With many of you training for marathons, bike tours or other big sporting events this spring, you may be wondering, “What’s the best fuel for my workout”? Should I eat before, during or after the big race? Studies show what you eat can impact performance both during your event as well as after. There are a few “rules of the road” when it comes to fueling for fitness.
First, consider your exercise goals. If your plan is to do intense exercise for over 60 minutes, such as running a marathon, biking over 20 miles or practicing football, it is best to eat something easily digested that includes protein as well as carbohydrate to maintain energy. The idea is to provide enough fuel to power muscles without straining your stomach. By eating before a workout, you prevent lactic acid production, which occurs when muscle is broken down and used for calories. Many athletes call this “hitting the wall” where your muscles have lost all their juice and continuing to exercise is just a struggle. Combining high carbohydrate foods (fruit, dairy, grains, starches) with protein (eggs, cheese, nuts, lean meat) help maintain glycogen stores during exercise.
If your goal is to lose weight and your workout is less than an hour or less intense, studies show that exercising on an empty stomach will facilitate more fat loss. Don’t do what many dieters do and chug down a protein shake. While it’s easily digested, it may contain a significant number of calories, which can hinder weight loss. If you absolutely have to eat before exercise, keep your snack within 150-200 calories to support weight loss. If you’re not concerned with your weight, a light snack may prevent cramping, but is not mandatory.
Easily digested carbohydrates are best to provide energy and prevent “hitting the wall”, without gastrointestinal distress such as gas, abdominal pain and bloating. Avoid high fiber and high fat foods before working out such as a burger and fries or a bowl of bean soup!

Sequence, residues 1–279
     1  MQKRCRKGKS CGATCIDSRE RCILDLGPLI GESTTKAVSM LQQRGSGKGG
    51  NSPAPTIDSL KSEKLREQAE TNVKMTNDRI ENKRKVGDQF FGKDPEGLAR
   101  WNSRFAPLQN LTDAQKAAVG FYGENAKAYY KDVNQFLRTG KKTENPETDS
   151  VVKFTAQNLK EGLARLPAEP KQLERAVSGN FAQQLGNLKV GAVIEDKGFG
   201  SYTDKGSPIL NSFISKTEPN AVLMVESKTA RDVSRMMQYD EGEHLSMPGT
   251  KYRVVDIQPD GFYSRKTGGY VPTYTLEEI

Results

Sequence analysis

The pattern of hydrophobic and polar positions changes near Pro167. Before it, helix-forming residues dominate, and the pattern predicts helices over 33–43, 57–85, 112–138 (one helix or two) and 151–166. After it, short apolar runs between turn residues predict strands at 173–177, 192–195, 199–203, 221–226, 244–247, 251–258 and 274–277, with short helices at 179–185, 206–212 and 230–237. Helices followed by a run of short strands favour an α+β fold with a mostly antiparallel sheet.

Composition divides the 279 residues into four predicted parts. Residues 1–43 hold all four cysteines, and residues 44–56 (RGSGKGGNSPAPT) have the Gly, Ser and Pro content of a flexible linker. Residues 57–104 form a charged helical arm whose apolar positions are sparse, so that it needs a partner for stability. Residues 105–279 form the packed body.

Below are a few examples of simple snacks to eat before your workout:
- Apple and peanut butter or a light cheese stick
- Low fat cheese and saltines (avoid whole wheat crackers)
- A bowl of Cheerios with skim or 2% milk
- Animal crackers and yogurt
- Turkey roll up on a tortilla
- English muffin with peanut butter
- Protein shake made with protein powder, frozen berries and milk
- Trail mix with nuts, Cheerios or Chex cereal and dried fruit
- Yogurt with a banana
Many people ask about sports bars and drinks. Are they worth the money? The benefit of bars and liquid gels is mainly convenience. You can stuff a few in your tiny running shorts pockets if necessary. Their nutrient content varies; some are high carbohydrate while others are higher protein. Some good options for pre-workout snacks include Lara bars (110 calories and 14 grams of carbohydrates) or for more intense and longer exercise, try Clif bars (180-230 calories, 44 grams of carbohydrates and 8-9 grams of protein). Sports bars containing over 250 calories may be used for recovery post workout. These may be higher in fat, so check out the food label before indulging.
Food is not the only consideration prior to exercise. Don’t forget to hydrate before, during and after your workout at the rate of 4-8 ounces of water every 15 minutes. Water is best for most moderate exercisers and calorie free “sports drinks” can also be used. If you’ve ever spent any time on a marathon course, you will notice the plethora of Dixie cups strewn about from the hydrating stations. Thankfully, they are cleaned up after the event! Full calorie sports drinks containing carbohydrates and electrolyte replacements are beneficial for more intense events such as half or full marathons, but will only add extra sugar to your diet if you’re not exercising for a long period of time.
After your workout, eat something within 1 hour to replace glycogen stores. Studies show including BOTH carbohydrate & protein enhances glycogen repletion, making your next workout easier. Remember to consume 2-3 cups of plain water after a workout to stay hydrated.
Below are some meal ideas after your workout:
- Black beans and rice (or quinoa)
- Chicken & vegetables over brown rice or whole wheat pasta
- Whole wheat spaghetti and meatballs
- Low fat Triscuit crackers, 1 light cheese stick and fruit
- Peanut butter and jelly sandwich on whole wheat bread
- Salad with chicken or fish and a side of potatoes, crackers or bread
- Tuna or turkey sandwich on whole wheat roll
- High fiber cereal, milk & fruit
- Scrambled eggs, toast and fruit
Research has shown that chocolate milk (yes, you read that right) is one of the best things to drink after a long workout or competition. The combination of simple sugars (chocolate) and protein is easily digested, refuels muscle glycogen quickly and it also tastes great!